When your bed is tucked into a corner, placing a medium-sized rug adjacent to it can make the room feel wider and more sophisticated, at least in comparison to the lonely “rug island in the middle of the room” alternative. For apartment dwellers in particular, this layout is also a great way to cover up old or cold flooring, since it can help disguise a large surface area. 

From interesting shapes to complementary patterns to contrasting textures, layering rugs in a bedroom makes so much decorative sense, particularly if you’re more of a maximalist.  To nail the look, start with a larger rug layout (like the anchor or half on, half off layout configurations) then add a smaller rug layout idea (like the at the foot or the symmetrical split) on top of it. When in doubt, throw down a small sheepskin as your top layer. Everybody likes walking on what feels like clouds. Everybody.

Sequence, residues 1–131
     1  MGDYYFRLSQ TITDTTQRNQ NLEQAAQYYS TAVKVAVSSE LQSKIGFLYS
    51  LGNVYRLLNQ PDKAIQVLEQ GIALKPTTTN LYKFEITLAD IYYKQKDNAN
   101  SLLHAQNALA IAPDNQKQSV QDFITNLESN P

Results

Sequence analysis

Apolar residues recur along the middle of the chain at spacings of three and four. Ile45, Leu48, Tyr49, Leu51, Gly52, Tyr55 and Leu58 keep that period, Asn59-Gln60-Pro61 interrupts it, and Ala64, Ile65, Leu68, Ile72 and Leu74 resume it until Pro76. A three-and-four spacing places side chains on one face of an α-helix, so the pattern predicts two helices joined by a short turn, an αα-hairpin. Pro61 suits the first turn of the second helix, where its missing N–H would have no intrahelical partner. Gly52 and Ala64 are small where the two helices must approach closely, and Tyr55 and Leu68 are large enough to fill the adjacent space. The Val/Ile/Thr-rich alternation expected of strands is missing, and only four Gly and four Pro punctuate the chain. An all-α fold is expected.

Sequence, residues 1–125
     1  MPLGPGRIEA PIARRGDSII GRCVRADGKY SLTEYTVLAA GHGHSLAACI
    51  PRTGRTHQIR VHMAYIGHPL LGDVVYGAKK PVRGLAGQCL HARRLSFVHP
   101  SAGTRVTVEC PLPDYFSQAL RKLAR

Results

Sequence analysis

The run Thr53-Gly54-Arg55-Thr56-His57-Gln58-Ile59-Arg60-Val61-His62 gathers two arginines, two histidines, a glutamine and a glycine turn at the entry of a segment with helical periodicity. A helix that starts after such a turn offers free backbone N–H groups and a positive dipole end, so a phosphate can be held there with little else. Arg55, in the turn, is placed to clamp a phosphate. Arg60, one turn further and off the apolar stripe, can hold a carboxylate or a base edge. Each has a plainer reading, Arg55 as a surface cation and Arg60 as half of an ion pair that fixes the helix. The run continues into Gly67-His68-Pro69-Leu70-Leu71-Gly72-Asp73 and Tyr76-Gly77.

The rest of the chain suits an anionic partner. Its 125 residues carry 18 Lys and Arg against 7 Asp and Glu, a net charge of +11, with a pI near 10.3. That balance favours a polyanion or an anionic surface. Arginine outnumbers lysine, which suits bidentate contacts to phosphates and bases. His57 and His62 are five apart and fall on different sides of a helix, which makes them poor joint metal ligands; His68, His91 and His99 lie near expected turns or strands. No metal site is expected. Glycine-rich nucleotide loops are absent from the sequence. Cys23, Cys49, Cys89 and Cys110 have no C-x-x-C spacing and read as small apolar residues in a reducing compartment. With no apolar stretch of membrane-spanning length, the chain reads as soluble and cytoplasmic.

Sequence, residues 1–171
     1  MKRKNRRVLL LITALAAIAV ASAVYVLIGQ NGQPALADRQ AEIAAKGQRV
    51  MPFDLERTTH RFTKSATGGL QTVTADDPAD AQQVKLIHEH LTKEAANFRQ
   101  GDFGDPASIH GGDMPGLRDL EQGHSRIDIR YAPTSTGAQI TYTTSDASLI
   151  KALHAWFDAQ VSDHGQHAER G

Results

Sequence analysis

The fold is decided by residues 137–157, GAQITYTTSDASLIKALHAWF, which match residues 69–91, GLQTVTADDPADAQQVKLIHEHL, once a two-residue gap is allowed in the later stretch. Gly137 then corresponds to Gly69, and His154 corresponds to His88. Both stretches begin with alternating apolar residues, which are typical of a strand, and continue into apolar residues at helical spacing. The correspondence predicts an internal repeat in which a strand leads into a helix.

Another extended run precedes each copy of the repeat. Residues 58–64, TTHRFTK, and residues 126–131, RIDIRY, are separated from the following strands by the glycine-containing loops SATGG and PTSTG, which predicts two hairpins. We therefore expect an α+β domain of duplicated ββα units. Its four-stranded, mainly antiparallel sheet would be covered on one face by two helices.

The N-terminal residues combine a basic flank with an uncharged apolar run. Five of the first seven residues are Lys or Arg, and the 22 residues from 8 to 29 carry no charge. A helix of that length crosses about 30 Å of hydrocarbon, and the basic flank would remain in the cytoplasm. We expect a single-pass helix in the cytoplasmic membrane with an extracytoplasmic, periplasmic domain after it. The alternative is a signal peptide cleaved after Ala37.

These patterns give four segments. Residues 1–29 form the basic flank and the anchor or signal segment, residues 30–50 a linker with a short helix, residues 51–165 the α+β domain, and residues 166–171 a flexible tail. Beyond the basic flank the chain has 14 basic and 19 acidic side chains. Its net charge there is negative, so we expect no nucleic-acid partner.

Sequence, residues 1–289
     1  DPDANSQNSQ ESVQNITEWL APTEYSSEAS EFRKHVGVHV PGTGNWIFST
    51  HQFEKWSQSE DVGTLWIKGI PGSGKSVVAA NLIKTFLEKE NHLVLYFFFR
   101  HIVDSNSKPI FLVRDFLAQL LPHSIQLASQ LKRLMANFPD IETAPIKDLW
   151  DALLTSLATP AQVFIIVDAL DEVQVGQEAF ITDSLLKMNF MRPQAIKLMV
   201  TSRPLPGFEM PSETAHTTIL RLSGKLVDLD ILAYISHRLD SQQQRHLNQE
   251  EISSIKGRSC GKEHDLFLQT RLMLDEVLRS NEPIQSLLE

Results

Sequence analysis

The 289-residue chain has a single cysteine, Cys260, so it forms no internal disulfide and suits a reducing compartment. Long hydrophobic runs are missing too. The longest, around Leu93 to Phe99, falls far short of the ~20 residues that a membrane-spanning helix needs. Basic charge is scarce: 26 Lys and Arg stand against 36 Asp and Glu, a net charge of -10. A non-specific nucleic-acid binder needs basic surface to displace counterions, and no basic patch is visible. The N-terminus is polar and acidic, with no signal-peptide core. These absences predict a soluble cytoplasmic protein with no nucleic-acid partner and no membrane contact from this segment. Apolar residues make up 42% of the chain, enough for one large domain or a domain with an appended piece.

Last but not least, what do you get when you put one-half of the symmetrical split and the right in front layout ideas together? A t-shaped (or l-shaped, depending on how long your rugs are) configuration that can be quite striking, especially if you choose something bold in pattern and color, just like the red carpets shown here. As is the case with some of the other ideas discussed above, this can be a great strategy if you’re looking for maximum noise absorption in a noisy apartment, for example, or if your original flooring is in serious disrepair, and you want to cover a lot of surface area.

This Unexpected, Small Space-Friendly Bed Is Suddenly Trendy Again

This Unexpected, Small Space-Friendly Bed Is Suddenly Trendy Again